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Case Study Analysis Assignment On An Australian Public Company

Question

Task: A major Australian Public Company ran promotions advertising for a number of its products through a promotions company. The promotions company falsely inflated the number of responses it received from purchasers of the company’s product. The false number of respondents was invoiced by the promotions company to the public company resulting in the overpayment of thousands of dollars. The records kept by the promotions company were those on its computer database as well as manual batch numbers of responses to the promotions.

REQUIRED : Identify five (5) procedures and checks that would have reduced the risk to the victim company?

Scenario “B”: You were engaged to conduct an examination on an Australian subsidiary of an American company following a discovery by the financial controller that freight and travel expenses were too high during a certain period. You have found the following:

The entries posted to the general ledger were examined and it was found that whereas normal expenses would be $10,000 to $12,000 for a particular month, they were in fact $33,442.19. Entries posted to the freight account were checked and in some cases there were no corresponding invoices.

Staff were frustrated in their efforts because the trade payables clerk, who was responsible for the payment of accounts and cashing of wages cheques, was either off sick or evasive when questioned.

The system for the payment of accounts was that the trade payables clerk would prepare a cheque to pay an invoice and would then present the cheque with the invoice and relevant documents for signing by two authorised signatories.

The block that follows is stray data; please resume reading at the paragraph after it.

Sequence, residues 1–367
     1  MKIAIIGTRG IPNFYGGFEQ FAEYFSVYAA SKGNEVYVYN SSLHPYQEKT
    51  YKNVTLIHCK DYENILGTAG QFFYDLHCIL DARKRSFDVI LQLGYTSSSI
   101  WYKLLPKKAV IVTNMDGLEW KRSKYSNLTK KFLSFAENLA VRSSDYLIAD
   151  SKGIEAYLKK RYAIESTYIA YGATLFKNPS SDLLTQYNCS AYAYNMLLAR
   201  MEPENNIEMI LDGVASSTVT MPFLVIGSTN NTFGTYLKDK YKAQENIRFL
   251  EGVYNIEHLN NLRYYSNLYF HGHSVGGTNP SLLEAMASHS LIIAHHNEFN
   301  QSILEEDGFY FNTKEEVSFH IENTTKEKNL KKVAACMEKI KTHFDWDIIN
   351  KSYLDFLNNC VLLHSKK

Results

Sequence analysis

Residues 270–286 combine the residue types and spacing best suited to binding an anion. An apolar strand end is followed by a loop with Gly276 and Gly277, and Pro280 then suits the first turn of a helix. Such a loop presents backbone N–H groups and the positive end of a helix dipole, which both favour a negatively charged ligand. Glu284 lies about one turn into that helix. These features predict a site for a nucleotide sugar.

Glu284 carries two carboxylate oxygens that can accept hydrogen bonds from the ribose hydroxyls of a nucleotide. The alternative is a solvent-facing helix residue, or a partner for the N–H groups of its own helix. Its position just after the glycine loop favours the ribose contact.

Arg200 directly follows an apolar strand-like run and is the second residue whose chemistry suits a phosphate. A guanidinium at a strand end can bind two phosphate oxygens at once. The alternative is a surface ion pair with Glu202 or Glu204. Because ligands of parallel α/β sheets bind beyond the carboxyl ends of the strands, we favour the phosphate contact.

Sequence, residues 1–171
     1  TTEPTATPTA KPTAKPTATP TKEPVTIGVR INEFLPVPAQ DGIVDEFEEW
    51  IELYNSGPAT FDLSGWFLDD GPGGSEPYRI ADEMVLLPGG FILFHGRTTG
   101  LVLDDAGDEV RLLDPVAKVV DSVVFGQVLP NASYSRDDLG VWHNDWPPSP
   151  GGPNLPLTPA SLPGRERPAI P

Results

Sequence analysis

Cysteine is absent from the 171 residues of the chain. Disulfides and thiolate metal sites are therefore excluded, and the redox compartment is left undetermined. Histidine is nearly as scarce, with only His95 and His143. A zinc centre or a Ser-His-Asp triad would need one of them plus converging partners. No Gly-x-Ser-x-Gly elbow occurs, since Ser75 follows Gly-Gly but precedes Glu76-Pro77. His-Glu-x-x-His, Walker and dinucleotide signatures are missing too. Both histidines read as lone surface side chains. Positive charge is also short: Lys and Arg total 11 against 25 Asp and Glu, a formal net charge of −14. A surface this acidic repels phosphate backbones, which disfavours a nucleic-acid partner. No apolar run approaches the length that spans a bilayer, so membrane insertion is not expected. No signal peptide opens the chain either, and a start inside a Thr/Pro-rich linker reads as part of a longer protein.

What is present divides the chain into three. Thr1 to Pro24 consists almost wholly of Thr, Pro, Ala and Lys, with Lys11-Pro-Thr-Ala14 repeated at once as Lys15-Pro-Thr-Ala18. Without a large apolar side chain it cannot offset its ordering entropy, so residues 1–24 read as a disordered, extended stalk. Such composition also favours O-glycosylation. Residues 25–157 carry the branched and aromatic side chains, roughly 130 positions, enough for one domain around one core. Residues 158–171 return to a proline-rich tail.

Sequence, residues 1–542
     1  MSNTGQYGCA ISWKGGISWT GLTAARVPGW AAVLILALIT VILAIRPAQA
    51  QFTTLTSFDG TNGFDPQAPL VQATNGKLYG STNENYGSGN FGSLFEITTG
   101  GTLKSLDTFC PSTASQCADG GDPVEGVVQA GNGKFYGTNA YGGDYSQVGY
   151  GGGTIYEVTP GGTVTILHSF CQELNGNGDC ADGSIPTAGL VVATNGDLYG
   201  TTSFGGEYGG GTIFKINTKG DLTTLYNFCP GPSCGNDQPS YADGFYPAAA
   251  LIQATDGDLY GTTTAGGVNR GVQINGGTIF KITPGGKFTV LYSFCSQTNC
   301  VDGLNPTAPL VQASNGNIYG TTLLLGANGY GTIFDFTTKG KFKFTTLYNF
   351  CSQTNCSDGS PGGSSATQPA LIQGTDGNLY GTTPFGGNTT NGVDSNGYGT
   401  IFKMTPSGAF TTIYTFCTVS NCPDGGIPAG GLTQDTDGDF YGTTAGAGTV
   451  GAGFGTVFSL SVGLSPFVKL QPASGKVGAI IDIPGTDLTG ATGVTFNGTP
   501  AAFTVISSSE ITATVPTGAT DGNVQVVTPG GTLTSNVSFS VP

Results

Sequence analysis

All company accounts were paid by cheque; the only cheques used to obtain cash were wages cheques. This would be done by stamping the reverse of the cheque with the words, ‘Please pay cash’; the trade payables clerk would then present the cheque to the bank and obtain the cash. Specimen signatures were, of course, held at the bank but they were rarely checked as the trade payables clerk was so well known to bank staff.

Duplicate cheques had been issued for payment of accounts already paid by the company and cashed at the bank by the trade payables clerk. The signatures on the cheques were, in some cases, forgeries and, in other cases, genuine (obviously people were signing things without due care). A payment of $6,217.60 was used to pay a travel company for a trip for two to Tahiti — the clerk had cancelled this entry with the words, ‘OK paid by me’.

When questioned, the trade payables clerk said that she had used her own cheque to pay for the travel. You checked with the travel company and found that, in fact, a company cheque had been used for the trip. You and officials of the company called in local detectives and all parties adjourned to the local police station. By this time, it was outside office hours and police were unable to contact the travel agent themselves and had no documentation to rely on to negate the clerk’s story. The clerk was released for further investigation by them, but the clerk left the country and is now living happily in Greece, $164,000 richer.

Required